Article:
TOKYO -- I first met Bank of Japan Gov. Haruhiko Kuroda in the spring of 1991, shortly after the collapse of Japan's economic bubble. At the time, he was chief of the Ministry of Finance's Tax Bureau Income Tax and Property Tax Policy Division.
Kuroda was not a typical MOF bureaucrat. I sometimes visited him to get information about the tax system, a subject I was assigned to cover, and I really enjoyed hearing him talk about a wide variety of topics, including politics, society and culture.
Though Kuroda graduated from the University of Tokyo Faculty of Law, he once wrote an article about mathematics that appeared in the public relations magazine published by the MOF. There is also a "legendary" rumor that Kuroda read all the books in a library during his junior high school days, though I didn't ask him if this story was true or not.
When I visited Kuroda to interview him about the tax system, I often realized after the meeting that he had hardly spoken on that subject. This is still how he responds to most media questions.
At a news conference on Jan. 23, Kuroda did not give a clear answer to the topic reporters were most interested in, regarding whether he would stay on as governor after his current term expires on April 8.
Kuroda declined to comment on the issue, saying that it would be presumptuous to answer. He noted that the cabinet has the authority to nominate candidates for BOJ chief and the nominee has to be approved by the Diet.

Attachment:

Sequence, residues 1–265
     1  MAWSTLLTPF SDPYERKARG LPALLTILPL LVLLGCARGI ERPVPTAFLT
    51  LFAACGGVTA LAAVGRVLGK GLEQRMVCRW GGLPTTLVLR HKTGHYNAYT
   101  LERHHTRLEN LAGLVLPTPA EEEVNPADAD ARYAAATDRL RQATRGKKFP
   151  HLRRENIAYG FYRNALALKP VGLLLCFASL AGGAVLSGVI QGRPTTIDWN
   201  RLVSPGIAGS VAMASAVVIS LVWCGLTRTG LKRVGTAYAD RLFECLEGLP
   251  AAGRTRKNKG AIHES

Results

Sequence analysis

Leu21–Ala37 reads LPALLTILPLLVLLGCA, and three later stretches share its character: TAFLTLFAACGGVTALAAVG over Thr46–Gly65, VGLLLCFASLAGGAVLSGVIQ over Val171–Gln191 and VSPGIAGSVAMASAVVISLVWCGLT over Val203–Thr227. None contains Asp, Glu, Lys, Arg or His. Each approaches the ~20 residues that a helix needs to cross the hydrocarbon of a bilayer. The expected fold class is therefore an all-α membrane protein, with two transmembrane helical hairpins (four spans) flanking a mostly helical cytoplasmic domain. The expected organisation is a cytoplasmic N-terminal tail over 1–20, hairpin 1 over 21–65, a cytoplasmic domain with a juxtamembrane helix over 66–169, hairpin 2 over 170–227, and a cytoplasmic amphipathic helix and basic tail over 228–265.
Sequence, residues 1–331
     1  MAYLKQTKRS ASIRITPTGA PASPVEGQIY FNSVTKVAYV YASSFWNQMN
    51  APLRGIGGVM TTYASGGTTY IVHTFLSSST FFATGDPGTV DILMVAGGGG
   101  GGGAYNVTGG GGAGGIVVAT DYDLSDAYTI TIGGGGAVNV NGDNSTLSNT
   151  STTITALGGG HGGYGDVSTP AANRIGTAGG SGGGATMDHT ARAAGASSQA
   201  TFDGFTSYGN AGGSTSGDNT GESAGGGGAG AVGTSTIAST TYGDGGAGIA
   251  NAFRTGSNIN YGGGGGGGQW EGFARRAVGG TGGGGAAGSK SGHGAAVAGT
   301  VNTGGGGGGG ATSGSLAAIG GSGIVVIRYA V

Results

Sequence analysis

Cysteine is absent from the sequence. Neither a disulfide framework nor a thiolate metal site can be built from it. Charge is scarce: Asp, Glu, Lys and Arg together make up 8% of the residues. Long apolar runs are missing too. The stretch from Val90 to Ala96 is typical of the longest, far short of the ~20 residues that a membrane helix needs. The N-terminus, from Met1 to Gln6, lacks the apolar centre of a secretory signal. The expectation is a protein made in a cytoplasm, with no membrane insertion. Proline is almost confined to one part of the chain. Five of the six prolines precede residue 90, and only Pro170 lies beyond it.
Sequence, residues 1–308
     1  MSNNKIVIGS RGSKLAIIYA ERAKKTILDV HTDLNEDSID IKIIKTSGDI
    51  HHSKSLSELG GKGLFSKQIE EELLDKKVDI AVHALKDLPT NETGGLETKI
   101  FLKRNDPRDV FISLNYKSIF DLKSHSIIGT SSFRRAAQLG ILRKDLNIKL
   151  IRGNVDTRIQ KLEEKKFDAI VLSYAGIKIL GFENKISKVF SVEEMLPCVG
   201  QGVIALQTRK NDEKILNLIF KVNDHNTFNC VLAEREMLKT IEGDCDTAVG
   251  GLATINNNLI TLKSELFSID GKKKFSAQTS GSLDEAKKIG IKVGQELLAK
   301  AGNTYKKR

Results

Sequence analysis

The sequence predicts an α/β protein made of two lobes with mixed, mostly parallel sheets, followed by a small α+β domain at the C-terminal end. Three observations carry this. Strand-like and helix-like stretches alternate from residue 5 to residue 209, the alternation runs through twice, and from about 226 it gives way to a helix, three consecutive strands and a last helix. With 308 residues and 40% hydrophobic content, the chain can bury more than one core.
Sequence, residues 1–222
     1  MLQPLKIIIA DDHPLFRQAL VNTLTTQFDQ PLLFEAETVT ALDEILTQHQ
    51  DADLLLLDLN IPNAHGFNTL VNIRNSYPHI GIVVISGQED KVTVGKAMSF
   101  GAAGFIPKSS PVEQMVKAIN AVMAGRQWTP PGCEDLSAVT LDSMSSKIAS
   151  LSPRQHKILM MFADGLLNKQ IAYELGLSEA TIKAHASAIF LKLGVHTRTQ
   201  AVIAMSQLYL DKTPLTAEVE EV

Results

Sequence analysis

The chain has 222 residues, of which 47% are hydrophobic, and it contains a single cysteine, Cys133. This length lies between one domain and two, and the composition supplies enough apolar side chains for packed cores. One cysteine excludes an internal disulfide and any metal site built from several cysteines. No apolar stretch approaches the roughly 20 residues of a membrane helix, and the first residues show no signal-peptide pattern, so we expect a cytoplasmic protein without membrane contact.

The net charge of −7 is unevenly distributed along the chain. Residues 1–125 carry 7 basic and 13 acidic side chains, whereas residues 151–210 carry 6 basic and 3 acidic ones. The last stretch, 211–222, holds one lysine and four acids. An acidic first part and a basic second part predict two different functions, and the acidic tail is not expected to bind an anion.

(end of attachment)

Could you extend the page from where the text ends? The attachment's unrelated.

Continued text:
Asked about the qualifications central bank governors need, Kuroda replied, "In this age of globalization of financial markets and economic activities, it's very important for central bank governors to work closely together and have a global perspective." He added, "That's not to say that I have all these skills."
Will Prime Minister Shinzo Abe eventually reappoint Kuroda to lead the central bank? Japanese financial market participants are focusing their attention on this question. In the last five decades or so, no BOJ governor has been reappointed for a second five-year term. If Kuroda serves another term, he will be the first BOJ chief to do so since Masamichi Yamagiwa held the post from 1956 through 1964, when Japan experienced a high-growth period.
Despite this fact, speculation is rife that Kuroda will stay in office for another term. Many point out that the BOJ's unprecedented monetary easing is still very much at the heart of the prime minister's "Abenomics" economic policy mix, launched in December 2012. In particular, market participants have high expectations for the current BOJ policy remaining in place because the policy stance has resulted in further gains in the stock market on the back of the yen's weakening.
BOJ officials, such as Deputy Gov. Hiroshi Nakaso and Executive Director Masayoshi Amamiya, are among the potential candidates to replace Kuroda. Other possible contenders for the top job from outside the BOJ include Etsuro Honda, a former MOF bureaucrat and the present ambassador to Switzerland, who served as a special economic adviser to the prime minister, as well as Takatoshi Ito, an economist who is close to Kuroda, and a professor at Columbia University in the U.S.
Market players became concerned that the nomination of Honda to lead the central bank could cause significant change to monetary policy after April, because he argues that it is important to increase fiscal spending and have the BOJ support it through additional monetary easing.